It’s the intangibles the goodwill that will be disputed in any business sale, says Hayes. Goodwill involves the reputation of a business and its brands. While difficult to value, corporate goodwill the factor that draws customers and attracts revenue is highly saleable. The business of goodwill is complex. It comes in differing forms. For example, there is the goodwill associated with being a well-located business that might last only for the duration of a lease. Where goodwill becomes contentious is when it’s the personal kind associated specifically with the owner, which is why focusing on making the business transferable is paramount.
The initial advantage of naming a business after its owner, common to personal service companies such as consultancies, often proves a problem, says Mattiske. It is possible for the owner’s name and goodwill to become synonymous with the product/business, and to pass this on to successors, but it may also be a barrier if the owner’s expertise is too closely associated with the business.
Margot Davis and Nicholas Tuckfield found an eponymously named recruitment consultancy, Margot Davis and Company, was no deterrent when it sold to the new, fast-growing recruitment giant, Talent2. Far from it, what interested the buyer was the Fast Moving Consumer Goods marketing micro-specialisation of the decade-old consultancy with 16 employees. Recognising the value of this market segment, Talent2’s CEO, Andrew Banks, did away with the name and strengthened his business by absorbing the consultants into a specialised division of the Talent2’s Castlereagh Street Sydney headquarters.
A business with little capital investment, what Davis and Tuckfield sold for $1.35 million and an allocation of shares in December 2003 was the intellectual property of their business vested in its employees’ expertise, their connections and relationships, the company’s brand and its database. Customer lists present a desirable asset to buyers.
A set of well-organised accounts and financial documents, which showed clearly the growth of the company since it began also enhanced its saleability, says Davis, who confirms she and Tuckfield had been down the due diligence path with a number of prospective purchasers over the years, before taking the plunge with Talent2.
Cindy Luken also believes the state of her financials speeded Luken & May’s sale. They need to be presented in a way that everyone involved in the sale is speaking the same language, says Luken.
Basic documents to be prepared prior to selling any business include: profit and loss statements; tax returns for the past seven years (if applicable); projected cash flow information; value of assets; service and maintenance agreements; value of debts; leases and other contracts; employment agreements; business registration; plus any special licenses or permits.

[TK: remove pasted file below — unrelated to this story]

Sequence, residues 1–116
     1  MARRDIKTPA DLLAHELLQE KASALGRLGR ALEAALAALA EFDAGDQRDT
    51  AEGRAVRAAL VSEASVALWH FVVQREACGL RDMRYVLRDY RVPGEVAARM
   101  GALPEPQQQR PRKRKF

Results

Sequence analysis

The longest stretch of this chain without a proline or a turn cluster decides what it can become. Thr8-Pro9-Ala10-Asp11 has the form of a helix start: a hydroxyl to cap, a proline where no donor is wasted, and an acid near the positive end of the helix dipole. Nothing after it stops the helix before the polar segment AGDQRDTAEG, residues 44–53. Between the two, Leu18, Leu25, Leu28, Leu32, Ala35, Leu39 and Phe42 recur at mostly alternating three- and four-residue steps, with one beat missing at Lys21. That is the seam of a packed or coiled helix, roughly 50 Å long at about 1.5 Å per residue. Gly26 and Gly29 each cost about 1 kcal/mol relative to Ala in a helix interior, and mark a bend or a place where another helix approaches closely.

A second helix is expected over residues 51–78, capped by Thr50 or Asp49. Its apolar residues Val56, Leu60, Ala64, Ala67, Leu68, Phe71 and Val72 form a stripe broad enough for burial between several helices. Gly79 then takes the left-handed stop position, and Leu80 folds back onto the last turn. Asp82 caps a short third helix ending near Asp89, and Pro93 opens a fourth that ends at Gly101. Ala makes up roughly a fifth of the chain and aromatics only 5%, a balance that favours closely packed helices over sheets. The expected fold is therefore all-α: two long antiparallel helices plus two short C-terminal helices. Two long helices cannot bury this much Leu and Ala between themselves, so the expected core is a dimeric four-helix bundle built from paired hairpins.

Calculating and negotiating a price for a business is rarely fast because it’s no simple matter of agreeing on a global price and writing the cheque. It is usually done on an earnings model based on future profitability, and will come with warranties and indemnities.
In the case of Simon McNamara’s sale of his Viva Juice company to rival Boost last year, even with an eager, compatible buyer in hand, the deal took eight weeks of negotiation from start to finish. It resulted in McNamara accepting a combination of cash and shares in Boost much time was spent negotiating their value plus a role on the Boost Board.
McNamara was lucky because the buyer found him. He was talking to another prospective purchaser when Boost founder Janine Allis swooped in with an offer.
Likely buyers are often competitors or suppliers or are already related to the business in some way.
Where a buyer makes the first approach, a sale may be managed with only the services of an accountant and lawyer. If going to the open market, many prefer to bring in the experience (and added expense) of a business broker to ensure the company is in the right shape for the market, to negotiate the price, or, quite often, because psychologically they have already moved on, suggests Arena, who has been involved in the transaction of more than 1000 businesses.
Putting the right price on a business first up is crucial, not only for the return to the seller, says Arena. Overpriced businesses (and most owners don’t take a realistic view of their business’s value), will sit on the market for too long.
Confidentiality is another reason for engaging a broker because the knowledge that a business is up for sale can destabilise customer and supplier relationships and put competitors into overdrive.